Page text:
LaMDA is Google’s latest research in natural language understanding. It is the company’s latest research breakthrough that will make conversation with machines more naturalistic. LaMDA stands for Language model for Dialogue Applications on which the company has been working for a very long time. With this, the company aims to make conversation between the AI and the user more naturally similar to human beings.
LaMDA can engage in a free-flowing way about a seemingly endless number of topics, an ability we think could unlock more natural ways of interacting with technology and entirely new categories of helpful applications. It is an open domain, which means it is designed to converse on any topic.
Unlike other language models, LaMDA is trained in dialogue. During its training, it picked up on several of the nuances that distinguish open-ended conversation from other forms of language. In short, the company strives to make the conversation between AI and human beings sensible and responsible.
In its blog post, Google noted that LaMDA understands quite a bit about the planet, Pluto. So if a student wanted to discover more about space, they could ask about Pluto and the model would give sensible responses, making learning even more fun and engaging. If that student then wanted to switch over to a different topic — say, how to make a good paper aeroplane — LaMDA could continue the conversation without any retraining.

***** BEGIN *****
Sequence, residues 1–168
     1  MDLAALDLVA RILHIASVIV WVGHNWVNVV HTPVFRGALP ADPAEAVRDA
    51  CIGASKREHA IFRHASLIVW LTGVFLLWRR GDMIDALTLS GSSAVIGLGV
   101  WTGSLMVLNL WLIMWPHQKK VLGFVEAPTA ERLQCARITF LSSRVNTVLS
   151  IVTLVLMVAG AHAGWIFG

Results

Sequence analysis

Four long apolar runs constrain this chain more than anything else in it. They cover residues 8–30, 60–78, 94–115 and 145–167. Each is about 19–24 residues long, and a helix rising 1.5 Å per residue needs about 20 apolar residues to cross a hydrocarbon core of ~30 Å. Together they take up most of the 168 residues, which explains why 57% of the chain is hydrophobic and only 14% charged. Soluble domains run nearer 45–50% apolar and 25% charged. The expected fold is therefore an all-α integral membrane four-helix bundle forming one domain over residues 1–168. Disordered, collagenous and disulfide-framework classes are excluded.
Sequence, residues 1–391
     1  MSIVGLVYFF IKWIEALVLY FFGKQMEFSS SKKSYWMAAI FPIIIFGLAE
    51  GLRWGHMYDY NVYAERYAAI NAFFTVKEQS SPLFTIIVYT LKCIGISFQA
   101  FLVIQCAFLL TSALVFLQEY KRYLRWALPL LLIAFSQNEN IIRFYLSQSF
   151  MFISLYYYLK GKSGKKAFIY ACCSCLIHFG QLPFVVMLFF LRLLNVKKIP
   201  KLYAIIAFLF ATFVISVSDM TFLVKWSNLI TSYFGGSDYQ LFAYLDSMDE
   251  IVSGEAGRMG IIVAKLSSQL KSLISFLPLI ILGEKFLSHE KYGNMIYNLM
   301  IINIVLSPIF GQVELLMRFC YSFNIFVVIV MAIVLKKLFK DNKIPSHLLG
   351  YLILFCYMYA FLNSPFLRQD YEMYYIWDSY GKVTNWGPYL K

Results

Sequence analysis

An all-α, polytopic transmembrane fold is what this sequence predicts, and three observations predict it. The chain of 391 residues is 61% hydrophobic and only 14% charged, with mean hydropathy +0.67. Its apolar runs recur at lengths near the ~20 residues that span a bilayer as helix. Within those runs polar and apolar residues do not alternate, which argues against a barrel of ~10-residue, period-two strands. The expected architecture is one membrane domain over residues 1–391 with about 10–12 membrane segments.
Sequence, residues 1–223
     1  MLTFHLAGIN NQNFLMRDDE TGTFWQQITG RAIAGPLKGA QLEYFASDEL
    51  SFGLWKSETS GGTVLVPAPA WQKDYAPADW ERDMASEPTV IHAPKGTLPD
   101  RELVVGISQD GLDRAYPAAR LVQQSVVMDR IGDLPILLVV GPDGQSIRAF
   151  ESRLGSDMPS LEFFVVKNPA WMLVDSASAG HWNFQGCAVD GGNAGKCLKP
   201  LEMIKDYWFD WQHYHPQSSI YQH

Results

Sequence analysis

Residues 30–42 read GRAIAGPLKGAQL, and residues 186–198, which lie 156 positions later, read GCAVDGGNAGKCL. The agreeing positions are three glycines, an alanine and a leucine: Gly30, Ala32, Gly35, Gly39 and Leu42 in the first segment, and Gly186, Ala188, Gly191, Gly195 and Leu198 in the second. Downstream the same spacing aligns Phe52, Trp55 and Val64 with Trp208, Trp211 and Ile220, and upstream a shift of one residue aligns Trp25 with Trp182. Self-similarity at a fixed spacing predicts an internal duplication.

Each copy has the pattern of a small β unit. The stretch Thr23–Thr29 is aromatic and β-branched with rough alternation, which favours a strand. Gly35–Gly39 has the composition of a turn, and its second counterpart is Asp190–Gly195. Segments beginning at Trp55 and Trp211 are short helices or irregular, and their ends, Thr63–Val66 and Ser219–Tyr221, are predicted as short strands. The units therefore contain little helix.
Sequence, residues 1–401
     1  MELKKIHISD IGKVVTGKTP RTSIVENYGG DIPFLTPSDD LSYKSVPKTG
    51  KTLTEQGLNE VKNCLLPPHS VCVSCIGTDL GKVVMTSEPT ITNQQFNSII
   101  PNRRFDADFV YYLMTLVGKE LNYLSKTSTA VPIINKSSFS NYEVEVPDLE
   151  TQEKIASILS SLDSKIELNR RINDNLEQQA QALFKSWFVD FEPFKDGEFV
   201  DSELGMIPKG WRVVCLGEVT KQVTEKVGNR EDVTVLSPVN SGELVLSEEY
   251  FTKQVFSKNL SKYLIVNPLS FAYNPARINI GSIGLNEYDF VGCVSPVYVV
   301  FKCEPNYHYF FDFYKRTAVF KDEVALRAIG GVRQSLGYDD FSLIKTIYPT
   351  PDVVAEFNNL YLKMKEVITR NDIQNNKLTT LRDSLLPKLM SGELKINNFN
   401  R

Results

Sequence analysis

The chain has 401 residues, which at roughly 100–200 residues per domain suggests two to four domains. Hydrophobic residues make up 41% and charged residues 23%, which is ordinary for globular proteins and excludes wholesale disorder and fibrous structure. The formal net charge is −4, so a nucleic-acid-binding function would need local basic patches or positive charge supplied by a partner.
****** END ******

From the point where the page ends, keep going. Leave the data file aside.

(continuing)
According to Google, LaMDA builds on earlier Google research, published in 2020, that showed Transformer-based language models trained on dialogue could learn to talk about virtually anything. Since then, we’ve also found that once trained, LaMDA can be fine-tuned to significantly improve the sensibility and specificity of its responses.
Right now it is under testing and research is being done to make the machine learning technique more efficient and to bring out conversational flow to an interaction. Moreover we humans also communicate with each other through images, text, audio and video. So the company is also working on building multimodal models (MUM) to allow people to naturally ask questions across different types of information.
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